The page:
I spent the latter part of last week in Chicago for the Ragan Media Social Media Summit.
This is the first training seminar I've attended in probably ten years. I've just always been too busy at work for that type of thing, and I've always considered myself a bit of an expert who probably couldn't learn anything anyway. I was wrong.
I got into social media early because I knew that if we didn't occupy and control the social media space, someone else would. So yes, I occupy the social media space, but that's all I do. We treat it as a free video host or another platform for disseminating press releases and driving readers back to our website and media center.
What I haven't done is actually create a strategy for engaging readers and growing the brand through social media. I also haven't done any investigation into ROI. If I'm ever going to run my own business, I need to spend some time studying the financial returns these tool can bring to business and how to track it.
The summit not only opened my eyes to the full potential interaction we could be having with the public, it also scared me as to how much energy it will take to manage it if we reach that goal. Right now I don't have to monitor Twitter to respond to anybody. Some of these social media managers have to deal with flame wars at 2 a.m.
I was lazy and only took one photo during the entire seminar when Chris Boyer, who was presenting about ROI, ended his presentation with a Charleston style song on the ukulele about ROI. Hey, it made it memorable ...
I had planned to wander Chicago a bit and take some photos, but my back has been doing crazy things I have never previously experienced. I don't know if I really wrenched it sailing a couple weeks ago or if it's something else (old age), but just when I think it's better, the spasms come back, and it just hurts to move.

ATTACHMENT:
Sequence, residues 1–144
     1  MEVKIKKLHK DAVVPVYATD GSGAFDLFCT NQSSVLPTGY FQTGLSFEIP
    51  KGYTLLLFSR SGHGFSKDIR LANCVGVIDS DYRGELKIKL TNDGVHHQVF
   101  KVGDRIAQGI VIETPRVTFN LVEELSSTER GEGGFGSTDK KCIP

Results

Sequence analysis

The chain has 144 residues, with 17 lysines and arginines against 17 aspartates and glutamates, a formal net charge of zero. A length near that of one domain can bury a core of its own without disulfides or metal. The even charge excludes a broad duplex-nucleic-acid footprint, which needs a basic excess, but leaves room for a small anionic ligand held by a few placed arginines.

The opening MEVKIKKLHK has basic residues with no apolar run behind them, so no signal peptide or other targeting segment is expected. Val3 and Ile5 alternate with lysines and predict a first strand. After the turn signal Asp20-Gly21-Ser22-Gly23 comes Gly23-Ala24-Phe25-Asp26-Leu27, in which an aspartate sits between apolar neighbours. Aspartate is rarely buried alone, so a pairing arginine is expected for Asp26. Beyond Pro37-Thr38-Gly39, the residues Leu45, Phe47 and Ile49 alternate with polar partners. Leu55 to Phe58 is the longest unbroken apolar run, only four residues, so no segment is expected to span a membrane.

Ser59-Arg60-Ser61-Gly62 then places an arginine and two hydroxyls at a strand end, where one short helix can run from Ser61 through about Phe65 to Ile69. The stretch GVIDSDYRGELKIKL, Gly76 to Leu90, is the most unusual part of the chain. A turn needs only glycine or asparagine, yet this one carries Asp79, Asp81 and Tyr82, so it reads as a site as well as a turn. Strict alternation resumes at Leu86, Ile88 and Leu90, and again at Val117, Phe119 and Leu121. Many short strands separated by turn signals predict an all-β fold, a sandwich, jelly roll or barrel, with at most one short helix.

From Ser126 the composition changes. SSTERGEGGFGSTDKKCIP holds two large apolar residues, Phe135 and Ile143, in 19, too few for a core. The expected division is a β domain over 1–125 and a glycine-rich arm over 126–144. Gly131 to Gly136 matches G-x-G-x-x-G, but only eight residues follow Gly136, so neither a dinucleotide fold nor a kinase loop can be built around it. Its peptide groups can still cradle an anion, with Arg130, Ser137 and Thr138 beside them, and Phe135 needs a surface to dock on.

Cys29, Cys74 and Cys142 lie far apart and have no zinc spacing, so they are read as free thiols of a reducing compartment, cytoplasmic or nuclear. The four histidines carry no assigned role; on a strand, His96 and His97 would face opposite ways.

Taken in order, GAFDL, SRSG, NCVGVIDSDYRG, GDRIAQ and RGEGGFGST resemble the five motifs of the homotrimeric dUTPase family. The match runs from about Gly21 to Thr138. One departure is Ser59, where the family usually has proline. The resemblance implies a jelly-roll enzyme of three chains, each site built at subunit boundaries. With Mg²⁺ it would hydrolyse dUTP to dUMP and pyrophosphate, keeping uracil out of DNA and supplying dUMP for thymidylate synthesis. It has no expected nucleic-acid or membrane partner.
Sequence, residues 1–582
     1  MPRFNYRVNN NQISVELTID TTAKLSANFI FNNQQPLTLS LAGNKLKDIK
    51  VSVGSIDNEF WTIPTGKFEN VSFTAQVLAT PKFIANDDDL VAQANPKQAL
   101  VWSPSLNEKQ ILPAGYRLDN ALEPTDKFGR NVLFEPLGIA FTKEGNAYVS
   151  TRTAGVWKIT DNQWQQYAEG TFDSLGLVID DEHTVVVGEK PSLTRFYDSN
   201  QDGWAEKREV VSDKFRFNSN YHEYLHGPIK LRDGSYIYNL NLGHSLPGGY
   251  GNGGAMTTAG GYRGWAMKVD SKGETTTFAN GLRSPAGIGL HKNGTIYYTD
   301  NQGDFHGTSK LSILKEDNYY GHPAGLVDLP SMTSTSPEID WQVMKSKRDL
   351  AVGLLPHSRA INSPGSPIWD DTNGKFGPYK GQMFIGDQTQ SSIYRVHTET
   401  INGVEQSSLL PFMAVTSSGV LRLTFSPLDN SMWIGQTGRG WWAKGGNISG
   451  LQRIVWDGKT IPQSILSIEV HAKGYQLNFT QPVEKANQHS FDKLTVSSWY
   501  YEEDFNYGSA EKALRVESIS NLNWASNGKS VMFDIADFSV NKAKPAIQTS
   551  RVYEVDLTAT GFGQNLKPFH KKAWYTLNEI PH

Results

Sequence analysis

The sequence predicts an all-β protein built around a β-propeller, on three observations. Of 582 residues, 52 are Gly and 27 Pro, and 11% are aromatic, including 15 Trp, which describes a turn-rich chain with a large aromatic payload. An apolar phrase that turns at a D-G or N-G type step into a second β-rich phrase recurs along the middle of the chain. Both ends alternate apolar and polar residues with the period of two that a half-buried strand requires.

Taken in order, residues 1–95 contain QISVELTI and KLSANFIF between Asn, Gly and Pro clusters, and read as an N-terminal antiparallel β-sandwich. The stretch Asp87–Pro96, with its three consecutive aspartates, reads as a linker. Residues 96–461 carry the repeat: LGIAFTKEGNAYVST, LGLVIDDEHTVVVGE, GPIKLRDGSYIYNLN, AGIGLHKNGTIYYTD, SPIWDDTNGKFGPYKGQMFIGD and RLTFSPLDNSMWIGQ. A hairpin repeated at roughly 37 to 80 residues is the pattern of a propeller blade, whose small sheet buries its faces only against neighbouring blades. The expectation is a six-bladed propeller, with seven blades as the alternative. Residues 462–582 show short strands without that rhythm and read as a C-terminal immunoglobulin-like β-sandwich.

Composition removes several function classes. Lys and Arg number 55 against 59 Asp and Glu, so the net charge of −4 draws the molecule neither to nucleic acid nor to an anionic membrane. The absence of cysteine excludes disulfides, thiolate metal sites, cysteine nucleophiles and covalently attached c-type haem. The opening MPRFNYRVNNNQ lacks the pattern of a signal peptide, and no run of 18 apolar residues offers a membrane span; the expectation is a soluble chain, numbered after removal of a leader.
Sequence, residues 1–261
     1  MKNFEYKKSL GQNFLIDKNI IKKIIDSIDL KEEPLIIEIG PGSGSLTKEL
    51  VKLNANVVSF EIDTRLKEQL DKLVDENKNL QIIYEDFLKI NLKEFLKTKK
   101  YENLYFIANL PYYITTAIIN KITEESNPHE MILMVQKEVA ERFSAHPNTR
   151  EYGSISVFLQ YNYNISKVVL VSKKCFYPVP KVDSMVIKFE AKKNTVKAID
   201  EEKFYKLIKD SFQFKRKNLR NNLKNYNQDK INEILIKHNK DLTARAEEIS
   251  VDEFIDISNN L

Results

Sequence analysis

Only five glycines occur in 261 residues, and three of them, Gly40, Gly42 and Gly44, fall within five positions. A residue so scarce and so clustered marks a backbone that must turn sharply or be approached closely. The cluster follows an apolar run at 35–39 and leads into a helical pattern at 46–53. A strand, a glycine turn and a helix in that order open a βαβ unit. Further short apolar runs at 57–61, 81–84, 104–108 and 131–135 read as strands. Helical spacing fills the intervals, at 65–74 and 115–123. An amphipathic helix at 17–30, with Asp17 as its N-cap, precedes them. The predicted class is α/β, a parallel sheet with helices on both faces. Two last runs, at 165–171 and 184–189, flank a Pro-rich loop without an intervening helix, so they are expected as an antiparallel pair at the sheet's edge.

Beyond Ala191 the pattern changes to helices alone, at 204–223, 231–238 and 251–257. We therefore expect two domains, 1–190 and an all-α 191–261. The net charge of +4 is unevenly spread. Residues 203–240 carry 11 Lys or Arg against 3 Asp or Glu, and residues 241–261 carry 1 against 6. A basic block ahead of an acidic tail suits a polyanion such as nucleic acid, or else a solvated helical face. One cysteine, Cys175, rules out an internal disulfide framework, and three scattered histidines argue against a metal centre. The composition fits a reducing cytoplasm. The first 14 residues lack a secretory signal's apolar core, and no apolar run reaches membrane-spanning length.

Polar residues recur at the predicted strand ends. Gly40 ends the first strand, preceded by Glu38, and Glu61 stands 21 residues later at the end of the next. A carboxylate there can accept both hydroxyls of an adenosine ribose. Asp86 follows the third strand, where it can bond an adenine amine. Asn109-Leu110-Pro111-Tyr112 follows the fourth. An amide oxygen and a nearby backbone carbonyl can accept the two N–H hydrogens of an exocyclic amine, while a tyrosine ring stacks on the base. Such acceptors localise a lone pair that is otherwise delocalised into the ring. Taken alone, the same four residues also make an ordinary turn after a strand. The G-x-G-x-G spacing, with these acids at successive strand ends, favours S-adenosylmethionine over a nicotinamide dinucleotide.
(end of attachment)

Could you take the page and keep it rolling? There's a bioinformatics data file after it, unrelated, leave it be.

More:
While stuck in the hotel spasming, I shot this long exposure of the view from my room.
The next day I did get to walk around a bit and took a few of the area near the college.
So I took like six photos total, and the entire time I'm thinking, geez, this 28mm just isn't wide enough on the Leica M8 with the APS-H crop factor. Yes, taking just a half dozen photos sent me back into camera lust mode wishing I could upgrade to a full frame system. I caught myself staring at Leica M9-Ps on eBay.
Do you know what my ROI on cameras has been this year? Around $36. That just barely paid for my Flickr Pro account. It didn't touch the $100 I invested into a Zenfolio account. It definitely doesn't cover the two $85 lens cleanings I've had this year. I need a new $6000 camera like I need a hole in the head -- but I really want one.
Common sense has prevailed ... for now. I'm going to make myself sell the M8 and possibly the M3 first if I do decide to upgrade to an M9 or the new M. I'd like to get back to a world where a 50mm is a 50mm. And yes, I could just shoot film, but I never shoot exactly 24 photos. I'll shoot three here, four there, 12 there. It takes weeks to finish a roll, but I might need them that day. It's a conundrum.
Then there's the question, do I get an M9 and a Sony NEX-6 for video or do I just wait for the M and have photo and video in one camera?
Enough boring camera talk.
This weekend I'll be at Cryptopalooza in Jefferson, Texas. This looks like it will be the biggest bigfooter conference in the nation. When it's right at my back door, how could I resist attending? Expect lots of photos and video.